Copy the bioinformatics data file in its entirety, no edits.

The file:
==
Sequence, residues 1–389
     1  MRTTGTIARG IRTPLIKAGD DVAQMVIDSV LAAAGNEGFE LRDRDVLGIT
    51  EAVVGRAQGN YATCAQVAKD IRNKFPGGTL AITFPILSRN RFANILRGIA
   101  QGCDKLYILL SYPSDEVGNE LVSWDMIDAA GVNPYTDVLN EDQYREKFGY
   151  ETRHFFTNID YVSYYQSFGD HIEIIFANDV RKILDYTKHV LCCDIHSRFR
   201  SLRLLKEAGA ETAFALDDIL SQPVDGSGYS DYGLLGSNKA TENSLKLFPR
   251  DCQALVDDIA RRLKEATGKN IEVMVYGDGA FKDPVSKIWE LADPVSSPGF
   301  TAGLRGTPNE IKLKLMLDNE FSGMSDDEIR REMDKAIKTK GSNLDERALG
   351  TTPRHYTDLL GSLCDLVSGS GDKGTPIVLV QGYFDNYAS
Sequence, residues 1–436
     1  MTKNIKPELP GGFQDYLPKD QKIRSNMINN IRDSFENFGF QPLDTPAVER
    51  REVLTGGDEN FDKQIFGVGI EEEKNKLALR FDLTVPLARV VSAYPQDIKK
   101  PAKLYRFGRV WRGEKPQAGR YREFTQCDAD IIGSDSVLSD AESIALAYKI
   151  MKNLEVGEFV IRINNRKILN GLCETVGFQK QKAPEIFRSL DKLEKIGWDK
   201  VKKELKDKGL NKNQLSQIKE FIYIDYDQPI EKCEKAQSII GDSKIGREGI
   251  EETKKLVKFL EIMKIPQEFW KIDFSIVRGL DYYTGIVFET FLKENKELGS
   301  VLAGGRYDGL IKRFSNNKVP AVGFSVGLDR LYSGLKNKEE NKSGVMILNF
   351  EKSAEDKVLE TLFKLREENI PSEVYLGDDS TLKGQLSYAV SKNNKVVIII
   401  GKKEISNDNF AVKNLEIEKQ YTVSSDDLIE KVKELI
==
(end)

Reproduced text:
Sequence, residues 1–389
     1  MRTTGTIARG IRTPLIKAGD DVAQMVIDSV LAAAGNEGFE LRDRDVLGIT
    51  EAVVGRAQGN YATCAQVAKD IRNKFPGGTL AITFPILSRN RFANILRGIA
   101  QGCDKLYILL SYPSDEVGNE LVSWDMIDAA GVNPYTDVLN EDQYREKFGY
   151  ETRHFFTNID YVSYYQSFGD HIEIIFANDV RKILDYTKHV LCCDIHSRFR
   201  SLRLLKEAGA ETAFALDDIL SQPVDGSGYS DYGLLGSNKA TENSLKLFPR
   251  DCQALVDDIA RRLKEATGKN IEVMVYGDGA FKDPVSKIWE LADPVSSPGF
   301  TAGLRGTPNE IKLKLMLDNE FSGMSDDEIR REMDKAIKTK GSNLDERALG
   351  TTPRHYTDLL GSLCDLVSGS GDKGTPIVLV QGYFDNYAS
Sequence, residues 1–436
     1  MTKNIKPELP GGFQDYLPKD QKIRSNMINN IRDSFENFGF QPLDTPAVER
    51  REVLTGGDEN FDKQIFGVGI EEEKNKLALR FDLTVPLARV VSAYPQDIKK
   101  PAKLYRFGRV WRGEKPQAGR YREFTQCDAD IIGSDSVLSD AESIALAYKI
   151  MKNLEVGEFV IRINNRKILN GLCETVGFQK QKAPEIFRSL DKLEKIGWDK
   201  VKKELKDKGL NKNQLSQIKE FIYIDYDQPI EKCEKAQSII GDSKIGREGI
   251  EETKKLVKFL EIMKIPQEFW KIDFSIVRGL DYYTGIVFET FLKENKELGS
   301  VLAGGRYDGL IKRFSNNKVP AVGFSVGLDR LYSGLKNKEE NKSGVMILNF
   351  EKSAEDKVLE TLFKLREENI PSEVYLGDDS TLKGQLSYAV SKNNKVVIII
   401  GKKEISNDNF AVKNLEIEKQ YTVSSDDLIE KVKELI